In the first type the vibrations were due to the energy of the rotor and its pounding in the bearings, depending on the clearance in them. It is understandable that the vibrations interfere with accurate suspension. Therefore, it was necessary to abandon the precision weights [scales] of the analytical type and convert to engineering weights [scales], in which the ribs of the prisms contact small areas having the form of caps. Nevertheless, in this connection we managed to maintain an accuracy of the order of 1 mg in the differential measurements. The support areas in the form of caps are also convenient by virtue of the fact that with them we can conduct the suspension of gyroscopes rotating by inertia. A gyroscope suspended on a rigid support can transmit through a yoke its vibrations to the support of the weights [scales]. With a certain type of vibration, which was chosen completely by feel, there occurred a considerable decrease in the effect of the gyroscope upon the weights [scales] during its rotation in a counterclockwise direction, if we examined it from above. During the rotation in a clockwise direction, under the same conditions, the readings of the weights [scales] remained practically unchanged. Measurements conducted with gyroscopes of varying weight and rotor radius, at various angular velocities, indicated that a reduction of the weight, in conformity with Eq. (6), is actually proportional to the weight and to the linear rate of rotation. For example, at a rotation of the gyroscope (D = 4.6 cm, Q = 90 gr, u = 25 m/sec), we obtained the weight difference of -8 mg. With rotation in a clockwise direction, it always turned out that [the weight difference] = 0. However, with a horizontal arrangement of the axis, in azimuth, we found the average value = -4 mg. From this, we can conclude that any vibrating body under the conditions of this experiment should indicate a reduction in weight. Further studies demonstrated that this effect is caused by the rotation of the earth, which will be discussed in detail later. Presently, the only fact of importance to us is that during the vibration there is developed a new zero reading relative to which with a rotation in a counterclockwise direction, we obtain a weight reduction, while during a rotation in a clockwise direction we obtain a completely uniform increase in weight ( + 4 mg). In this manner, Eq. (6) is given a complete, experimental confirmation. It follows from the adduced data that C2 = 550 km/sec. According to this condition, the vector j is oriented in that direction in which the rotation appears to be originating in a clockwise direction. This means that during the rotation of the gyroscope in a clockwise direction it is directed downward. With such a rotation, the gyroscope becomes lighter, meaning that its additional effect upon the support of the weights is directed downward: i.e., in respect to the base vector j. This will obtain in the case in which u and C2 have the same signs. Under our condition relative to the direction of the base vector j the pseudo-scalar u is positive in a left-hand system of coordinates. Consequently, a time pattern of our world is also positive in a left-hand system. Therefore, subsequently we will always utilize a left-hand system of coordinates. The aggregation of the tests conducted then permitted us to refine the value of C2 :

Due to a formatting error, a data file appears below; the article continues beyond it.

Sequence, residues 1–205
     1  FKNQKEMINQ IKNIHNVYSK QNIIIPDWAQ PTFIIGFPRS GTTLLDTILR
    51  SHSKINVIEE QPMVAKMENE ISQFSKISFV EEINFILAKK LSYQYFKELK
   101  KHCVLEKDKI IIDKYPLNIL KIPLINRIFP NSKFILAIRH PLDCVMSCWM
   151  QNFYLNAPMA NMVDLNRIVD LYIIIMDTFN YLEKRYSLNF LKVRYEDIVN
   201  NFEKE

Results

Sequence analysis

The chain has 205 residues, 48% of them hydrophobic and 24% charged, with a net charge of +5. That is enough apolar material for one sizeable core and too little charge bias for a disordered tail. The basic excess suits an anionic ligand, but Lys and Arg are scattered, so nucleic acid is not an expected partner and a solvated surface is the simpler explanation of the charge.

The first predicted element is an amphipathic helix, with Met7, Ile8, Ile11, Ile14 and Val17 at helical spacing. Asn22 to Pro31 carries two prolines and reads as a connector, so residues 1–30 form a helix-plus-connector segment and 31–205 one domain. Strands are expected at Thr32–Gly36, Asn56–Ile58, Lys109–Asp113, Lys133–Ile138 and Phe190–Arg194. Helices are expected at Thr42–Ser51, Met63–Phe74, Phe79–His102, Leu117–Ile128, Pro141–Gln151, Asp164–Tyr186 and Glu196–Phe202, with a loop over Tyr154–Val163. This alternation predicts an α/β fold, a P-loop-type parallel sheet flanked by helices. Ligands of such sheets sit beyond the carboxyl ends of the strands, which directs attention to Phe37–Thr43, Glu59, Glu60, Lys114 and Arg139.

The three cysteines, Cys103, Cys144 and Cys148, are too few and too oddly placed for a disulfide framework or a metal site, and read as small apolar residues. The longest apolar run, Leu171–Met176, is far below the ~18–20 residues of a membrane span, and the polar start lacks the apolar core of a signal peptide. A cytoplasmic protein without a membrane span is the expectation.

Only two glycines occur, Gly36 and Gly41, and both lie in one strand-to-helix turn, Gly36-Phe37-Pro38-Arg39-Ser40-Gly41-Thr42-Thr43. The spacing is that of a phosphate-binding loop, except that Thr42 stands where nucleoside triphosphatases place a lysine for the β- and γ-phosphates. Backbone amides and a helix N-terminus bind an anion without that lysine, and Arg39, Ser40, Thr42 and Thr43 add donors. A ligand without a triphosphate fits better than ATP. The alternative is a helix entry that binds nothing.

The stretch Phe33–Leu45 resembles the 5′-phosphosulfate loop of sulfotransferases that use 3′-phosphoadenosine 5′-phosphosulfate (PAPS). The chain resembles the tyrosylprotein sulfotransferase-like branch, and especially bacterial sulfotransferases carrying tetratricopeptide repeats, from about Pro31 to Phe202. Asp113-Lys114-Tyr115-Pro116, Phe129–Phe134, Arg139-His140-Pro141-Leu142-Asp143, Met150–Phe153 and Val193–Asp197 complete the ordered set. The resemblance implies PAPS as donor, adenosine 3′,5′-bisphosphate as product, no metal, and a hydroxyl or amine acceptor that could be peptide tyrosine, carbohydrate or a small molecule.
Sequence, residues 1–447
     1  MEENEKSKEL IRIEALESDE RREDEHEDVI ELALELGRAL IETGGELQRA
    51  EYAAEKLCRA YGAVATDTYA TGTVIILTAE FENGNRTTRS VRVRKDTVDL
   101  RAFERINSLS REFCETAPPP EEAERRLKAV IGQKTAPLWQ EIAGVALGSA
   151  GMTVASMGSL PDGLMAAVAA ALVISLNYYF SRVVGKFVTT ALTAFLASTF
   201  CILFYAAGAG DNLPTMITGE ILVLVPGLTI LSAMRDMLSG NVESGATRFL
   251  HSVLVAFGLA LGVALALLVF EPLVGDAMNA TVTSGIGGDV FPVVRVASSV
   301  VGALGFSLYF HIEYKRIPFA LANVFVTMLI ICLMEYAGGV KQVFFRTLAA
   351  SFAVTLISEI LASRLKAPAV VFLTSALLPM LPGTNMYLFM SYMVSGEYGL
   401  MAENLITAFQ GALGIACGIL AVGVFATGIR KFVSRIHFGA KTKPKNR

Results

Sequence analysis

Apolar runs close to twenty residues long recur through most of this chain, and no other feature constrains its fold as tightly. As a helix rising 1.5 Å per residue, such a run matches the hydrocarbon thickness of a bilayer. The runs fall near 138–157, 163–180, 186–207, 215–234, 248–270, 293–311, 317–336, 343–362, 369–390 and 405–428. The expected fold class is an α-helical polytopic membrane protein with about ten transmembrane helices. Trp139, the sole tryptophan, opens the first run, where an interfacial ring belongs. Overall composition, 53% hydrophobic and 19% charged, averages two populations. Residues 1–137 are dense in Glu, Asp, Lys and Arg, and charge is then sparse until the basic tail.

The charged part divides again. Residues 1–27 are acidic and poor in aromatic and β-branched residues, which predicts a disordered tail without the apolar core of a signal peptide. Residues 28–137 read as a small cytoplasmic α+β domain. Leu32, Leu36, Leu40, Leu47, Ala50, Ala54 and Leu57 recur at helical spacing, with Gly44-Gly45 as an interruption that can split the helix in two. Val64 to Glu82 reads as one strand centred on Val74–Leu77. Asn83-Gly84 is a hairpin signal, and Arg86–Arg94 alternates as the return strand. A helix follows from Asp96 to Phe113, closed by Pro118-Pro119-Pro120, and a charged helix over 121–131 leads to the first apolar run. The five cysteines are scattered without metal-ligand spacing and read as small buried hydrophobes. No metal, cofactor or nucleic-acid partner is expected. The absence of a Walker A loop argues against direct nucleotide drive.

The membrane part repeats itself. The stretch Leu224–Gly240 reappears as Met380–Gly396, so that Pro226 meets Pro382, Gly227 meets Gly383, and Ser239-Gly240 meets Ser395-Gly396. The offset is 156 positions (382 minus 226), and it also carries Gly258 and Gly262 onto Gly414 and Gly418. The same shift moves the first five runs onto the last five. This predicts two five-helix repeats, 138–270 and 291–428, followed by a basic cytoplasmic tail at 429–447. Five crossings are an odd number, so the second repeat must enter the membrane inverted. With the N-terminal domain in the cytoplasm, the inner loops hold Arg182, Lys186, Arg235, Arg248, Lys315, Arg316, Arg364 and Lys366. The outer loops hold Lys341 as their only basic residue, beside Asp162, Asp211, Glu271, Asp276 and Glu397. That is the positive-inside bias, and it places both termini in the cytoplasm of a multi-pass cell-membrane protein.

(8)    C2 = + 700 + 50 km/sec in a left-hand system.